The known gold deposits within the Getchell Trend are Carlin- type, sediment-hosted, replacement deposits containing micron gold. Gold mineralization at Getchell is associated with a curvilinear fault system that strikes NNW and dips 40? to 75? east, on the eastern flank of the Cretaceous Osgood granodiorite stock. The mineralized fault zone and the Cretaceous granodiorite both cut Palaeozoic sediments of the Cambrian Preble and upper Cambrian to lower Ordovician Comus Formations which both belong to the Transition Assemblage, and the Ordovician Valmy Formation of the Western Assemblage. Thermal metamorphism along the intrusive contact formed tungsten bearing garnet-diopside skarns, passing outwards into wollastonite calc-silicates and marble. In the southern parts of the Getchell Mine area the skarn is about 30 m wide adjacent to the granodiorite contact, passing out into marble. Pelitic shales of the Preble and Comus Formations are thermally metamorphosed to cordierite-andalusite bearing hornfels nearest the contact, grading outwards into a biotite-cordierite-andalusite interval, to an outer biotite zone. The Osgood Stock and associated hornfels and skarns are found in both the footwall and hangingwall of the mineralized fault zones. Gold mineralization is found in a number of different rock types generally at the intersection of a number of high-angle and low-angle fault sets. The low-angle faults and associated folds are the result of Devonian and Permian-age compressional events and the higher angle faults and fracture sets formed during Tertiary extension. Mineralization is both structurally and stratigraphically controlled. Gold is associated with arsenic, mercury, and to a lesser extent antimony, and commonly with pervasive decalcification, silicification and carbonaceous alteration. Gold is micron-scale generally intergrown with arsenical pyrite, which in turn, is encrusted in barren, diagenetic pyrite. Late stage realgar and orpiment are commonly associated with high-grade ores. The main deposit is confined to a zone nearly 7000 ft. long at the northern end of the Getchell fault zone. Deep exploration shows that the mineralization persists at least 1 km down-dip on the Getchell fault system and also occurs along the parallel Village fault. Maximum width of ore is 200 ft., with an average width of 40 ft. Within ore zones, gold occurs as native grains that range in size from <1 micron to nearly 1 mm, with smaller grains more abundant than larger grains. Most of the gold is intimately associated with the fine grained quartz-carbon matrix of the altered rock termed "gumbo" by Joralemon (1951). Of the sulfides, pyrite and marcasite are principal hosts to gold. As of 1951, the gold:silver ratio in bullion ranged from 2:1 to 134:1 and averaged 10:1 for the entire bullion production to that date. Joralemon (1951) observed microscopic metallic grains in the Getchell ore that he concluded were native silver, although the particles were so small that conclusive chemical tests were not possible. No other silver minerals have been recognized except for very rare grains of electrum. Geochemical work at the Getchell mine and vicinity has demonstrated that As-W-Hg anomalies occur in rocks and soils over the arsenic-gold deposits and that these anomalies are not broad haloes but are restricted to the mineralized area. The highest metal contents are found in oxidized iron-rich material along fractures and bedding planes in barren bedrock, lesser values in caliche coatings on exposed bedrock, and lowest but still anomalous values in soil.The known gold deposits within the Getchell Trend are Carlin- type, sediment-hosted, replacement deposits containing micron gold. Gold mineralization at Getchell is associated with a curvilinear fault system that strikes NNW and dips 40? to 75? east, on the eastern flank of the Cretaceous Osgood granodiorite stock. The mineralized fault zone and the Cretaceous granodiorite both cut Palaeozoic sediments of the Cambrian Preble and upper Cambrian to lower Ordovician Comus Formations which both belong to the Transition Assemblage, and the Ordovician Valmy Formation of the Western Assemblage. Thermal metamorphism along the intrusive contact formed tungsten bearing garnet-diopside skarns, passing outwards into wollastonite calc-silicates and marble. In the southern parts of the Getchell Mine area the skarn is about 30 m wide adjacent to the granodiorite contact, passing out into marble. Pelitic shales of the Preble and Comus Formations are thermally metamorphosed to cordierite-andalusite bearing hornfels nearest the contact, grading outwards into a biotite-cordierite-andalusite interval, to an outer biotite zone. The Osgood Stock and associated hornfels and skarns are found in both the footwall and hangingwall of the mineralized fault zones. Gold mineralization is found in a number of different rock types generally at the intersection of a number of high-angle and low-angle fault sets. The low-angle faults and associated folds are the result of Devonian and Permian-age compressional events and the higher angle faults and fracture sets formed during Tertiary extension. Mineralization is both structurally and stratigraphically controlled. Gold is associated with arsenic, mercury, and to a lesser extent antimony, and commonly with pervasive decalcification, silicification and carbonaceous alteration. Gold is micron-scale generally intergrown with arsenical pyrite, which in turn, is encrusted in barren, diagenetic pyrite. Late stage realgar and orpiment are commonly associated with high-grade ores. The main deposit is confined to a zone nearly 7000 ft. long at the northern end of the Getchell fault zone. Deep exploration shows that the mineralization persists at least 1 km down-dip on the Getchell fault system and also occurs along the parallel Village fault. Maximum width of ore is 200 ft., with an average width of 40 ft. Within ore zones, gold occurs as native grains that range in size from <1 micron to nearly 1 mm, with smaller grains more abundant than larger grains. Most of the gold is intimately associated with the fine grained quartz-carbon matrix of the altered rock termed "gumbo" by Joralemon (1951). Of the sulfides, pyrite and marcasite are principal hosts to gold. As of 1951, the gold:silver ratio in bullion ranged from 2:1 to 134:1 and averaged 10:1 for the entire bullion production to that date. Joralemon (1951) observed microscopic metallic grains in the Getchell ore that he concluded were native silver, although the particles were so small that conclusive chemical tests were not possible. No other silver minerals have been recognized except for very rare grains of electrum. Geochemical work at the Getchell mine and vicinity has demonstrated that As-W-Hg anomalies occur in rocks and soils over the arsenic-gold deposits and that these anomalies are not broad haloes but are restricted to the mineralized area. The highest metal contents are found in oxidized iron-rich material along fractures and bedding planes in barren bedrock, lesser values in caliche coatings on exposed bedrock, and lowest but still anomalous values in soil.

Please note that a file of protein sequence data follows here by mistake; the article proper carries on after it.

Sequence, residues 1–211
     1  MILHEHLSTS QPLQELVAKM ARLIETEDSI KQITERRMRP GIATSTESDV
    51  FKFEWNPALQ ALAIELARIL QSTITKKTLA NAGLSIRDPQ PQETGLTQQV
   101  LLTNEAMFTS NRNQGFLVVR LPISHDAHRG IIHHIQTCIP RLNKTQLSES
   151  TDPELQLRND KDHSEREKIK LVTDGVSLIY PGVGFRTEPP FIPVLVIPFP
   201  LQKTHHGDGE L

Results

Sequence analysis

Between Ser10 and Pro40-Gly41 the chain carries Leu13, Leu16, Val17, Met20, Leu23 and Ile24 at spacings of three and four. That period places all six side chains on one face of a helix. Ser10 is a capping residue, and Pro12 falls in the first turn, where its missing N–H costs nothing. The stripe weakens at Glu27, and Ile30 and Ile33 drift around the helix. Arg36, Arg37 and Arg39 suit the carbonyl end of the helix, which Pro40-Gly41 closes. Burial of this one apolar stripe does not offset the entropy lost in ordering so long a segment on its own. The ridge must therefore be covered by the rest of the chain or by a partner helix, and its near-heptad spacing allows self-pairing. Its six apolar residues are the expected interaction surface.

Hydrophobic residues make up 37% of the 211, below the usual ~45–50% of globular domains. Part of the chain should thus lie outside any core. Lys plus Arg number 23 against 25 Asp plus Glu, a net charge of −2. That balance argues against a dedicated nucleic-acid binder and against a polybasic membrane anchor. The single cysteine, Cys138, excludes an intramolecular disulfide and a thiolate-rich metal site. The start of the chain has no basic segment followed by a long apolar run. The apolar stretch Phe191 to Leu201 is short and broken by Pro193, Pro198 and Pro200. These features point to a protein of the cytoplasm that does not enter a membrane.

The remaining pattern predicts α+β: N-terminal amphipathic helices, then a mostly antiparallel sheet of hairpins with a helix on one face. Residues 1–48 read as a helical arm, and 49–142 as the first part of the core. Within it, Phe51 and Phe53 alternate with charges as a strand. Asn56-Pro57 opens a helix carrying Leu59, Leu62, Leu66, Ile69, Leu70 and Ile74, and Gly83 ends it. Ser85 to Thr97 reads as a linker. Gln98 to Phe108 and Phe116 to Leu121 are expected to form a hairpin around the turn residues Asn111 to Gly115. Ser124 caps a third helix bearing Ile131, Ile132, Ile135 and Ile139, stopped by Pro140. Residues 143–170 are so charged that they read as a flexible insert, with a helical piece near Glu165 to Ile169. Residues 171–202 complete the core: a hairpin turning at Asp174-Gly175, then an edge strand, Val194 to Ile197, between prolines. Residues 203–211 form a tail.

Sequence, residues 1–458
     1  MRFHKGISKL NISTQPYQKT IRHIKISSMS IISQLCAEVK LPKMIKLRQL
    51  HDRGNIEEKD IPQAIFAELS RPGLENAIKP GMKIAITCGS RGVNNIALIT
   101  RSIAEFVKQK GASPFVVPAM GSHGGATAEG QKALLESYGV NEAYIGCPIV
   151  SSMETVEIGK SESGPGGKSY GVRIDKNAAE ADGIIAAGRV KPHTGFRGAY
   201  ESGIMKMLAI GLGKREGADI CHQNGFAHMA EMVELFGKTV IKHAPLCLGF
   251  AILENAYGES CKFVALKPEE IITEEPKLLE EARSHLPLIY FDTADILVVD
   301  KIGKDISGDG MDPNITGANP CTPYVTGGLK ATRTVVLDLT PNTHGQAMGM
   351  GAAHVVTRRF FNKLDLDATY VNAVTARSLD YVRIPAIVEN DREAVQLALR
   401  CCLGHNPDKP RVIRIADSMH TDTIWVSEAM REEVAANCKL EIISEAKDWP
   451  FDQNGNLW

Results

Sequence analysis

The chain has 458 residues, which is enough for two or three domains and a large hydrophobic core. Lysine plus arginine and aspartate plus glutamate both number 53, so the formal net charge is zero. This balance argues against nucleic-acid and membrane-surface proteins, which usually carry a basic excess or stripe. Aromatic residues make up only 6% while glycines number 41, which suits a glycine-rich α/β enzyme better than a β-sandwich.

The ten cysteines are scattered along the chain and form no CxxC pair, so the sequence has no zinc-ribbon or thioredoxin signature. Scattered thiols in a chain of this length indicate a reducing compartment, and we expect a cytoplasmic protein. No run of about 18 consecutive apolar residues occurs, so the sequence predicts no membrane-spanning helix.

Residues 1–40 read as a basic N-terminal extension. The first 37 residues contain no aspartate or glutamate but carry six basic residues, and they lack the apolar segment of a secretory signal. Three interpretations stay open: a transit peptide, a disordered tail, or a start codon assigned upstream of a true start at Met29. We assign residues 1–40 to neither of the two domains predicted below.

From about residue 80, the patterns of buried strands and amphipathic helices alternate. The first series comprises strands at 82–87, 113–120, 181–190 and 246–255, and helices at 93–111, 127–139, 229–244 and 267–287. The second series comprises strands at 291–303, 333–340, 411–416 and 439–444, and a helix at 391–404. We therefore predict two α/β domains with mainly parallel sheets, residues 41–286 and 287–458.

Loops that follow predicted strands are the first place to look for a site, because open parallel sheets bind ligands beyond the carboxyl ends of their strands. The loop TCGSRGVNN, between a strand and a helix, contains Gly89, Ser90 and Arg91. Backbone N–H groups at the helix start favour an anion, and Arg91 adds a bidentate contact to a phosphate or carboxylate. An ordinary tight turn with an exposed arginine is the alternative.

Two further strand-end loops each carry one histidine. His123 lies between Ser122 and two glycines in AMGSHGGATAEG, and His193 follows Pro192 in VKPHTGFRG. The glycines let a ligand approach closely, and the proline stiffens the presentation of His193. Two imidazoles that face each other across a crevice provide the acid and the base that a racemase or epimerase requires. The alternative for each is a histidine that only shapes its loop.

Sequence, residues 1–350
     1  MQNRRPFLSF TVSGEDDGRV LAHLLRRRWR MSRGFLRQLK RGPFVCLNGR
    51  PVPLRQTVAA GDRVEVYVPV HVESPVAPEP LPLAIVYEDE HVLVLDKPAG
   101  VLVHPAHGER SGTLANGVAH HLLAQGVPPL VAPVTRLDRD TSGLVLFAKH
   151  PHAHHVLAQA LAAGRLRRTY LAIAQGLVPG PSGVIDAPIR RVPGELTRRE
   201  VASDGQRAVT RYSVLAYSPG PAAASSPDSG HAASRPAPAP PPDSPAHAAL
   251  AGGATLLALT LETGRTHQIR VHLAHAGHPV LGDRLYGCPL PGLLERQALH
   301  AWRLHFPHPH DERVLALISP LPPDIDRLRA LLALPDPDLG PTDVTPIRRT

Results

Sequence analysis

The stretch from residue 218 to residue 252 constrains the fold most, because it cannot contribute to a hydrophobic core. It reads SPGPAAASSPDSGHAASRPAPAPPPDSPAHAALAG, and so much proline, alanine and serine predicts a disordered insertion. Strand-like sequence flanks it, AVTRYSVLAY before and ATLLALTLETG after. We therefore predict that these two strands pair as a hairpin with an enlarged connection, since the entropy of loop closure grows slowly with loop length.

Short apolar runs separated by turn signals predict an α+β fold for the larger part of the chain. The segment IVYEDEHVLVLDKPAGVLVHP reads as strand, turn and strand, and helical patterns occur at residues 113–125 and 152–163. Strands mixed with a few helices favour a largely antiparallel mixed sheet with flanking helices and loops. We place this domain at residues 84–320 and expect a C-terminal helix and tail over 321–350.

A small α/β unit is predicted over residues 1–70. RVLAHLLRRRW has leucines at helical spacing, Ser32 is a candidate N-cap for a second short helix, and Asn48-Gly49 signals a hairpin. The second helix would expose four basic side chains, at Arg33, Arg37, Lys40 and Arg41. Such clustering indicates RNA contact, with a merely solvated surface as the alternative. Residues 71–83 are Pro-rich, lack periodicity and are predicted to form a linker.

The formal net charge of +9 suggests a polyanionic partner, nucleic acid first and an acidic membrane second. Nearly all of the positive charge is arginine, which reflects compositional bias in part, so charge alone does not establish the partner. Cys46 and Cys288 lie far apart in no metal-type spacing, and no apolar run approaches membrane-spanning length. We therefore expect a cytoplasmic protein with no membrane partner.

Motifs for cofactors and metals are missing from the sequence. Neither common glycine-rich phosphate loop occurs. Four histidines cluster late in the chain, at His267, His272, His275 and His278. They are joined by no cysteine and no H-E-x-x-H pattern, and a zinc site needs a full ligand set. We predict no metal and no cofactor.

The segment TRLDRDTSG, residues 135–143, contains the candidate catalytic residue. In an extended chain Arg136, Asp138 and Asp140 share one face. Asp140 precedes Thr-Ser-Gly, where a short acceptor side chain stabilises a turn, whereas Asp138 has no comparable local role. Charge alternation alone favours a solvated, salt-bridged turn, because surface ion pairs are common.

Regional alteration: There is a metamorphic aureole around the Osgood Mountains granodiorite which has produced in the surrounding shaly rocks a mineral assemblage consisting of cordierite-, biotite-, and andalusite-hornfels. Locally limy beds are recrystallized and calc-silicate minerals are developed. Hydrothermal alteration consists chiefly of decarbonatization accompanied by silicification in the limestone beds. Cordierite, andalusite, and biotite of the metamorphic aureole are altered to sericite and/or chlorite. Igneous dikes and portions of the main stock are altered such that plagioclase is altered to sericite and kaolinite and biotite is altered to sericite, chlorite, and pyrite.